Invention never understood her mother, Necessity. The single mom, a widow of the late Responsibility, provided everything the family needed but with noticeably lacking creativity. Everything was always exactly as it was supposed to be, measured and metered, with no extravagance or artistic flair, all very Puritan and unforgiving in its overwhelming perfunctitude.
Invention didn’t like that. She had dreams of increased efficiency, fresh designs, enhanced functionality. She thrashed against her mother’s plainness, using it as a catalyst for the creation of her own clever contraptions. As she changed the world with her work, Invention realized that without her mother, without her frank displays of never-changingness, she would have never been inspired to engineer the future.
It could be argued that we don’t need any new ways to open a bottle. Without really trying, I can wrench cap from bottle, send it flipping end over end towards trash-can oblivion as the C02 comes rushing out of the narrow neck. I can use almost anything: a lighter, a densely folded piece of paper, a flat-head screwdriver, my teeth, the hard edge of a flat surface, my belly button (twist off only). If the cap is my only obstacle to drinking, it won’t bar my way for long.
And all of those options are impromptu beer-hacks, designed by enthusiasts in the field who are left without the formal ways to open a bottle: churhkeys, wall-mounters, blade-openers, and those long-handled speed-uncappers that dangle like ceremonial blades from the hips of barkeeps all across the world. It seems that we as humans have mastered the simple machines, found plenty of levers to pry and pop our beer to freedom.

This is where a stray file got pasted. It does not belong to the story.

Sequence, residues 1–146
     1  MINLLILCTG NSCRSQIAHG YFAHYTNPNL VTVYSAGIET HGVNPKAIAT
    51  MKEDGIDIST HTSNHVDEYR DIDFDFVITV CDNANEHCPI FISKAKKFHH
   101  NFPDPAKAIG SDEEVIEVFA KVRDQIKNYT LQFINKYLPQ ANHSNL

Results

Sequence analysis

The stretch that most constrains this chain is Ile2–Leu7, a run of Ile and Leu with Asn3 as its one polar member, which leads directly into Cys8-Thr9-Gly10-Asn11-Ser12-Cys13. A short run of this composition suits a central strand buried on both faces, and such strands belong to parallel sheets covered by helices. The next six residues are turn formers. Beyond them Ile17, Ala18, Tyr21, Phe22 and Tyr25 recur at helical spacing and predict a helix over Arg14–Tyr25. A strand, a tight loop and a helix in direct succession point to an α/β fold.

It seems we’ve mastered it. And yet, there are people out there, scientists and engineers, engitists and scienteers, actively trying to make the bottle opener even better.
With the GrOpener (grab+opener), I dare say they have achieved the impossible.
This is more than just a bottle opener, it’s a straight-up beer tool. It belongs right there next to my hydrometer, my pH meter, my laser thermometer. It is a marvel of well thought out practicality and style.
The GrOpener has two major advantages over traditional openers: 1) It’s designed to be used one-handed, and 2) it has a powerful magnet to help align with/catch the cap.
The one handed thing might not seem like such a big deal, but as the GrOpener website mentions, this caters to disabled people who may only have on arm available to open a drink. With no second arm to brace the bottle, I can imagine using a traditional bottle opener is quite challenging. It’s also just pretty damn cool to grab and open a bottle in one fluid motion, with one hand, while your friends ooh and aah at your mastery of all things bottle related.
The magnet is probably the best part of the design in terms of pure invention, as it keeps the bottle cap firmly stuck to it after opening, preventing an infomercial style disaster where the bottle cap flies across the room, hits some poor party goer in the head, and sends them toppling into a towering spread of chips and assorted dips.
The only drawback I can really find is the price. While these are made from what appears to be a single piece of pretty sturdy metal, $16 for a bottle opener might be a little out of some people’s range. I got mine during the original IndieGoGo campaign, assuming the price included some extra financial support for the creator. It’s a pretty cool novelty though, and after ~100 opens, mine is only showing very minimal signs of wear.
- Opens beers
- Fun to use
- Looks cool
- Bonus can opener duck-tail thing
- Name sounds a little like “groper”
- No way to easily hook it onto my utility belt
If you’ve got some extra cash to spend and are into opening things in a big way, I highly recommend this piece of beer-technology.